Saturday, October 8, 2016

To Experience Murakami . . . .

All things happen for a reason, or so the tea mystics claim.

One of my dearest friends, author Eva Vanrell, is completely in love with author Haruki Murakami. She claims that one doesn't read Murakami - you "experience" him. When she first told me that, I wasn't really sure what to make of that, even though I'm still trying to get through the entire works of Marcel Proust (he holds the same ideal, only in French). As part of her love for everything Japanese, she read The Wind Up Bird Chronicle, a 600+ masterpiece that when she finished it, loved it, yet had no idea as to what she had read. I knew I wanted to experience that same feeling, yet put it off due to writing and other books appearing before me (re-reading the Dark Tower series, reading the Dune books, reading the Erlik stories by author R R Hunsinger, etc, etc.). However, when Patti Smith mentioned "experiencing" Murakami in her book, M Train, I knew that I was getting a gentle tap on the shoulder.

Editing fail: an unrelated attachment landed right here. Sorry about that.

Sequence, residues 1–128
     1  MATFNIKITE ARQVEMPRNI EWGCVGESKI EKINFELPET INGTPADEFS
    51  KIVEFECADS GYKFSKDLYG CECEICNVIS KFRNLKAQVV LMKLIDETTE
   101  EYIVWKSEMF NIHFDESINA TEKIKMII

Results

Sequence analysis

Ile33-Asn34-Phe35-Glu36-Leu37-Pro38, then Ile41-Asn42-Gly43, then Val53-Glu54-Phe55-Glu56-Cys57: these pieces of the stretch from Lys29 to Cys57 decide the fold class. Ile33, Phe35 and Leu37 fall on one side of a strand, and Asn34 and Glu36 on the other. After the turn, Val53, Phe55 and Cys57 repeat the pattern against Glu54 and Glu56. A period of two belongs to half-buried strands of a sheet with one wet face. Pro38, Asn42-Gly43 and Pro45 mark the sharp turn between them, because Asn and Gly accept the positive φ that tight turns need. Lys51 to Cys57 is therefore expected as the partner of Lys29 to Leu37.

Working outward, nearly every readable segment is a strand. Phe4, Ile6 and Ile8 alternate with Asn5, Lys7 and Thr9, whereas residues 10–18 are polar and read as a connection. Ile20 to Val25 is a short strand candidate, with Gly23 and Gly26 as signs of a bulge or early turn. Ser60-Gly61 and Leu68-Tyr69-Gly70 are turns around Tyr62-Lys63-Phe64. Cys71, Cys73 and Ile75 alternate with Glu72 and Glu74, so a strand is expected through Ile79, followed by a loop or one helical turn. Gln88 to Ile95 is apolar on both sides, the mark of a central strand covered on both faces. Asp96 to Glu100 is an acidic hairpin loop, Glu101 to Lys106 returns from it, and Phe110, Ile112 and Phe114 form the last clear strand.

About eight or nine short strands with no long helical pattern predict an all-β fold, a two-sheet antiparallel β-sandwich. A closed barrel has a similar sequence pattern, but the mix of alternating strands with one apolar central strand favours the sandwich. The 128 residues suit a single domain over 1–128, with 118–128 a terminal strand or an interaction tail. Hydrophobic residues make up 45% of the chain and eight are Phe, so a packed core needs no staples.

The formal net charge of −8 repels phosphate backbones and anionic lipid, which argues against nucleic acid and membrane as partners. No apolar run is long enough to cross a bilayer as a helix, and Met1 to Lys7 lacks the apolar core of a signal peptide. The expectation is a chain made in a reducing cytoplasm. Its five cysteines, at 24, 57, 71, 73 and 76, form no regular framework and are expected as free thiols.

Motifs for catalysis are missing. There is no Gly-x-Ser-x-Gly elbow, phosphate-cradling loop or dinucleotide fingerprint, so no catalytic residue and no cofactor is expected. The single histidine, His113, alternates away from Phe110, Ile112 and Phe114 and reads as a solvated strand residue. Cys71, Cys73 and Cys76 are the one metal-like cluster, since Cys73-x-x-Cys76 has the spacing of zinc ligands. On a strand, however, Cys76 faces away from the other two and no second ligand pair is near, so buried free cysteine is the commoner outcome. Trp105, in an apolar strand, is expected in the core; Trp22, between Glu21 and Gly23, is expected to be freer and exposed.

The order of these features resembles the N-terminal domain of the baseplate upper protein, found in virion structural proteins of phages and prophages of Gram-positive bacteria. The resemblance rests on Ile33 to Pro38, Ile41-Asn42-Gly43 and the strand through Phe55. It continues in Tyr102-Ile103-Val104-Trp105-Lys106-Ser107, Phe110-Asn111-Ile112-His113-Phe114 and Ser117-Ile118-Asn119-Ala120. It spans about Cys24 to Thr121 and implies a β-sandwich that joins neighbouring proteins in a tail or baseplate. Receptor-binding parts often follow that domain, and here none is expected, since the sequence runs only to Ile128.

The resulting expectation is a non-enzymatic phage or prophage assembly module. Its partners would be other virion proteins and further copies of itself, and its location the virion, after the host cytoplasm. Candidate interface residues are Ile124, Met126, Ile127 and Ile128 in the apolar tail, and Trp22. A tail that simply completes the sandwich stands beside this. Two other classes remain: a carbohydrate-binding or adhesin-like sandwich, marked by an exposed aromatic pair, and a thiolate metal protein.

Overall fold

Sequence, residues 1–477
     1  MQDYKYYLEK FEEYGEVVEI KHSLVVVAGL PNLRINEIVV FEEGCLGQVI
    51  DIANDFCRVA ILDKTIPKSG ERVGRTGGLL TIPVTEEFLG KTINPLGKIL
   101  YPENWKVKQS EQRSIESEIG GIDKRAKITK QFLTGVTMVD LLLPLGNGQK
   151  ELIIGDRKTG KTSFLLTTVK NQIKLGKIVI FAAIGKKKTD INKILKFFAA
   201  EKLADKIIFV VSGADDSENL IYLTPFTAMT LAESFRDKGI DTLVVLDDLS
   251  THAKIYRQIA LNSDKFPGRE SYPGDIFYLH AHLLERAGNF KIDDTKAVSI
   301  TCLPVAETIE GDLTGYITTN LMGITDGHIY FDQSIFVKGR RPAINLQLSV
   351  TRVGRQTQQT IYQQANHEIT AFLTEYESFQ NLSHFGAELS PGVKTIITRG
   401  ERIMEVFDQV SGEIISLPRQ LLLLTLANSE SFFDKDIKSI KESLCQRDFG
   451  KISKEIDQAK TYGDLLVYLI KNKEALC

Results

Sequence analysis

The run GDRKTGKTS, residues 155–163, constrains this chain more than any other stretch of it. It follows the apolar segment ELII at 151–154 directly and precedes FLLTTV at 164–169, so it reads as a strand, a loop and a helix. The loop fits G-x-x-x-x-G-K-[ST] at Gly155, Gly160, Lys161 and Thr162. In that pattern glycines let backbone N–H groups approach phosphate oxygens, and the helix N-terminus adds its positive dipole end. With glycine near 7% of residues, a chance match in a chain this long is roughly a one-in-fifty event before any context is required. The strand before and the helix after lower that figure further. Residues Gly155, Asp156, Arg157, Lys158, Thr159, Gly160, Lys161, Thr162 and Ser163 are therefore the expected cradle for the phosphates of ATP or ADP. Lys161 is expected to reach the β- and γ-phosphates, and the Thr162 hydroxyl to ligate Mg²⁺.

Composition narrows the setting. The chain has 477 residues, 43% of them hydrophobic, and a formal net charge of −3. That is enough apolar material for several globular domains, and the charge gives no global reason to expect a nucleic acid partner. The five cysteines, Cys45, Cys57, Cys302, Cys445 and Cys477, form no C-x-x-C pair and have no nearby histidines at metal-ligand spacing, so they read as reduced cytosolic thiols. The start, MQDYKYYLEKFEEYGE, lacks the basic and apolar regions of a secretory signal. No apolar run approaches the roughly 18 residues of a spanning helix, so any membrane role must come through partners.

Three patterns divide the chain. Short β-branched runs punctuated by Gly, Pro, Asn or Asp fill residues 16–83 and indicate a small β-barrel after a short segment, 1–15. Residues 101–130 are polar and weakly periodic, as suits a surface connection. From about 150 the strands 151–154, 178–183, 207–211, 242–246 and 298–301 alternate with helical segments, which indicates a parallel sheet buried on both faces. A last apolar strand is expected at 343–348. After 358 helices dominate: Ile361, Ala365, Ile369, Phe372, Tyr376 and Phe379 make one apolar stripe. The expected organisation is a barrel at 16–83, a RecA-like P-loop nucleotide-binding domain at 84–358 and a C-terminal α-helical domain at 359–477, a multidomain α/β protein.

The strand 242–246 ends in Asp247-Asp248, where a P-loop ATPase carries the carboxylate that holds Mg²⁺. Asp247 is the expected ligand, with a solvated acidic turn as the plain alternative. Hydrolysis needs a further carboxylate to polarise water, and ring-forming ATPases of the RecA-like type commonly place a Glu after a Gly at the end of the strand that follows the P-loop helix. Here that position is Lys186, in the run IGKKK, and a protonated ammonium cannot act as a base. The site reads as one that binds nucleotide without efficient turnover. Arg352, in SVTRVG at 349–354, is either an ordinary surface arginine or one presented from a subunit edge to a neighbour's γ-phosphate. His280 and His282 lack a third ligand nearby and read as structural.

Fine, I thought - I'll read Murakami.

Although I have copies of the books The Wind Up Bird Chronicle and Kafka on the Shore, I began my trek into the world of Murakami through his novel After Dark. This short and thoughtful read did not have me scratching my head so much as finally understanding the "experience". After Dark takes place during one night in Japan, as seen through the activities of nineteen year old Mari. For her own reasons, she decides not to go home and instead read a book, halfway eat, and smoke cigarettes in a restaurant. Yet, through this one night, she encounters other people who are making the most of their night in various fashions. She soon takes part in assisting a Chinese prostitute who was badly beaten by a client, takes life lessons from a former female wrestler, and engages in deep conversations with a trombone player who wants to attend law school. Yet, as the reader will soon learn, all is not well in Mari's life - her older and very beautiful sister Eri has been asleep for several months with no signs of waking up. Yet, and this is the COOL part, she has been waking up, just not on this side of Reality.

Is this Reality the REAL Reality, or perhaps are we simply watching ourselves through a mirror? Is the mirror self our true selves and if so, do they feel more than we do? Murakami delves deep into the human psyche and what makes us "tick"  - are we real? Is this nothing more than a dream? When we truly wake up, are we seeing a lie? After Dark does not "tie up" loose ends, nor does it offer any explanations as to why we are viewing what we are viewing. We are left to our own devices, as it were, to decide what we think is right and even then, we may still be wrong.

To "experience" Murakami is to visit a dream - so glad I finally arrived.


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